"Being a mother while running a business is very challenging," Genga said. "There are ways to balance your time, but the perception is that you could be more effective running your business if you didn't have to deal with kids."
Genga said she has learned not to take shortcomings on either front too seriously, and to not beat herself up over the little things, such as missing a class trip with her children.
"Mompreneurs" have dual responsibilities to their businesses and to their families, and finding ways to devote time to both is key to truly achieving that elusive work-life balance, she said.
7. Coping with a fear of failure
According to Babson College's 2012 Global Entrepreneur Monitor, the fear of failure is the top concern of women who launch startups. Failure is a very real possibility in any business venture, but Delia Passi, CEO of WomenCertified and founder of the Women's Choice Award, said it shouldn't be viewed as a negative.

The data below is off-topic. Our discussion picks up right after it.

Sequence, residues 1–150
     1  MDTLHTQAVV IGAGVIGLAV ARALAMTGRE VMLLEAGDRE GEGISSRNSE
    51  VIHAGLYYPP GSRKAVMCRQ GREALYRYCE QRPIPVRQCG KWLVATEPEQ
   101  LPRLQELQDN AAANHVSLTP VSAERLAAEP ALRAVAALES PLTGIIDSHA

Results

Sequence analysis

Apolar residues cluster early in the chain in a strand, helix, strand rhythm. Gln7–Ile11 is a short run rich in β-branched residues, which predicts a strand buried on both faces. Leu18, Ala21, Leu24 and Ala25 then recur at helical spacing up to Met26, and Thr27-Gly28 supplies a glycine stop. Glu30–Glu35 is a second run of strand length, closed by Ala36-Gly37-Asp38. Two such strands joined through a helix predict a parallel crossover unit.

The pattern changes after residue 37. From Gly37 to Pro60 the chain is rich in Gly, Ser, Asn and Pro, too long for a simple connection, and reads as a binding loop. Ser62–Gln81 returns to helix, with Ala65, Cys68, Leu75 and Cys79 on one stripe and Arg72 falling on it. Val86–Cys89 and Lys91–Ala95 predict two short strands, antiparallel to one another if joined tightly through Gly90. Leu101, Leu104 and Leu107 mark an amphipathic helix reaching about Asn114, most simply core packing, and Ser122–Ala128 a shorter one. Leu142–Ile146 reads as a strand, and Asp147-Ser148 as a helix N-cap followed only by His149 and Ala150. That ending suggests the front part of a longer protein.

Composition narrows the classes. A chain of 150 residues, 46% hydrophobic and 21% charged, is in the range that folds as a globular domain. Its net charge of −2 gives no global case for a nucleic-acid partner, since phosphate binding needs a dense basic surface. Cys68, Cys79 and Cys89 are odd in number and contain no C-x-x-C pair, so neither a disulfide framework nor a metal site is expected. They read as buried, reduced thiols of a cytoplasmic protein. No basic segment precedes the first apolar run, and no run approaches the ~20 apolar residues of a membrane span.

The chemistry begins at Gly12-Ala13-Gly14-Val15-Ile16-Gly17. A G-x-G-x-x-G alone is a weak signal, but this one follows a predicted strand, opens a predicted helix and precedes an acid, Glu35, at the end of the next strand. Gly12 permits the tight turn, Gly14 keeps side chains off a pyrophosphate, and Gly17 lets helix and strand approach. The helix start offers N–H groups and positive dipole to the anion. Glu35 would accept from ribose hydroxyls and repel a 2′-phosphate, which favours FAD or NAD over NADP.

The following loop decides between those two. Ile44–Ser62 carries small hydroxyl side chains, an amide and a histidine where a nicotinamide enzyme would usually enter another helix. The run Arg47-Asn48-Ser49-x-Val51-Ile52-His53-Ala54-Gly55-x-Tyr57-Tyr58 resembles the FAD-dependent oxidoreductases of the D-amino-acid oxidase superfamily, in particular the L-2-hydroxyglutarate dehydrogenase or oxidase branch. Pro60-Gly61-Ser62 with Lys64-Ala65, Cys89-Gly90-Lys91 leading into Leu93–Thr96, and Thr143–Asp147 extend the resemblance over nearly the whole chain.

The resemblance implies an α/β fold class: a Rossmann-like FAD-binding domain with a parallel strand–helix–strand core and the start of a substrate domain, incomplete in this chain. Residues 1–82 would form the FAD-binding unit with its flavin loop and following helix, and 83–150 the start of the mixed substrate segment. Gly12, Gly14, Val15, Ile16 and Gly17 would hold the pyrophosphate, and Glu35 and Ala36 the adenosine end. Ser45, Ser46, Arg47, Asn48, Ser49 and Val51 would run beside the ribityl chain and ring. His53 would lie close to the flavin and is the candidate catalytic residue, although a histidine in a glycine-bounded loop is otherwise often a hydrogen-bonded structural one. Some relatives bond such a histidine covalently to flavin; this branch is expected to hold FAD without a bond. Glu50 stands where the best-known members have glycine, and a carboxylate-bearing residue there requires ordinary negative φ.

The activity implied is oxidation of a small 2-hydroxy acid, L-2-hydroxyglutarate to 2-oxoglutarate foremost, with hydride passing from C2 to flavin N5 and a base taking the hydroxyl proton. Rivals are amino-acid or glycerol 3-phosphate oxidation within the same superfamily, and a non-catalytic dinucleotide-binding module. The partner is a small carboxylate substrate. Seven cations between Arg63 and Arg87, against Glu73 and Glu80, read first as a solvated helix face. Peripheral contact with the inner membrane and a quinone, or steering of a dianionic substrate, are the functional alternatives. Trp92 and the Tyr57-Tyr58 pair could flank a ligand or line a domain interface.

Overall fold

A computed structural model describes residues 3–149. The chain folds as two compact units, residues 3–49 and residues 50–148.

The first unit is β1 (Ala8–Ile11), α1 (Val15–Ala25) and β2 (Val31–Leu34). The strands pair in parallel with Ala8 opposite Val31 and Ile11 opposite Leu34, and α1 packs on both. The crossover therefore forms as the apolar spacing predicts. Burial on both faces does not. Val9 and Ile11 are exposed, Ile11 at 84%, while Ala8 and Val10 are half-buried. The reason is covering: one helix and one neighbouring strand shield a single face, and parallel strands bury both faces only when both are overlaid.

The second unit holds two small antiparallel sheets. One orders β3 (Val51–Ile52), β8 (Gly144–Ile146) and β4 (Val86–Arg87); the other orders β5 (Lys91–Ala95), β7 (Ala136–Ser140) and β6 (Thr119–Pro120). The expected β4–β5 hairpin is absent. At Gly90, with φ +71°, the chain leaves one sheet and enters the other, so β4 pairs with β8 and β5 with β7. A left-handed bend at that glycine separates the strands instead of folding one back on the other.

"You need to have massive failure to have massive success," Passi said. "You may need 100 'noes' to get one 'yes,' but that one 'yes' will make you more successful tomorrow than you were today."
Pierson offered similar advice for female entrepreneurs, encouraging them to work through the moments of self-doubt that every business owner faces.
"I have stopped worrying if people will treat me differently in business because of my gender … and have stopped comparing myself to others, including men," she said. "The bottom line is, if you're successful, no one cares whether you are man or a woman."
Additional reporting by Shannon Gausepohl and Nicole Fallon Taylor. Some source interviews were conducted for a previous version of this article.